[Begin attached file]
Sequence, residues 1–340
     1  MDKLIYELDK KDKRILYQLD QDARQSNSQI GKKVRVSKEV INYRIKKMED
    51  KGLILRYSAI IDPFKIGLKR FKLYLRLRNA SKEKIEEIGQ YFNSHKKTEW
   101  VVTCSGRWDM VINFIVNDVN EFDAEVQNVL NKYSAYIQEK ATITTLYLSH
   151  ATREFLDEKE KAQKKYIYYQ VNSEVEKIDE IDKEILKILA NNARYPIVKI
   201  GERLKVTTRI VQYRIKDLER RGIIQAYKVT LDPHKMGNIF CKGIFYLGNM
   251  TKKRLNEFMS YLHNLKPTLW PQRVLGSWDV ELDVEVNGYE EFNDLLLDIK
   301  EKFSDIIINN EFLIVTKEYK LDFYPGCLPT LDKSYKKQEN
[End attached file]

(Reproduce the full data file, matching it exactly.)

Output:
Sequence, residues 1–340
     1  MDKLIYELDK KDKRILYQLD QDARQSNSQI GKKVRVSKEV INYRIKKMED
    51  KGLILRYSAI IDPFKIGLKR FKLYLRLRNA SKEKIEEIGQ YFNSHKKTEW
   101  VVTCSGRWDM VINFIVNDVN EFDAEVQNVL NKYSAYIQEK ATITTLYLSH
   151  ATREFLDEKE KAQKKYIYYQ VNSEVEKIDE IDKEILKILA NNARYPIVKI
   201  GERLKVTTRI VQYRIKDLER RGIIQAYKVT LDPHKMGNIF CKGIFYLGNM
   251  TKKRLNEFMS YLHNLKPTLW PQRVLGSWDV ELDVEVNGYE EFNDLLLDIK
   301  EKFSDIIINN EFLIVTKEYK LDFYPGCLPT LDKSYKKQEN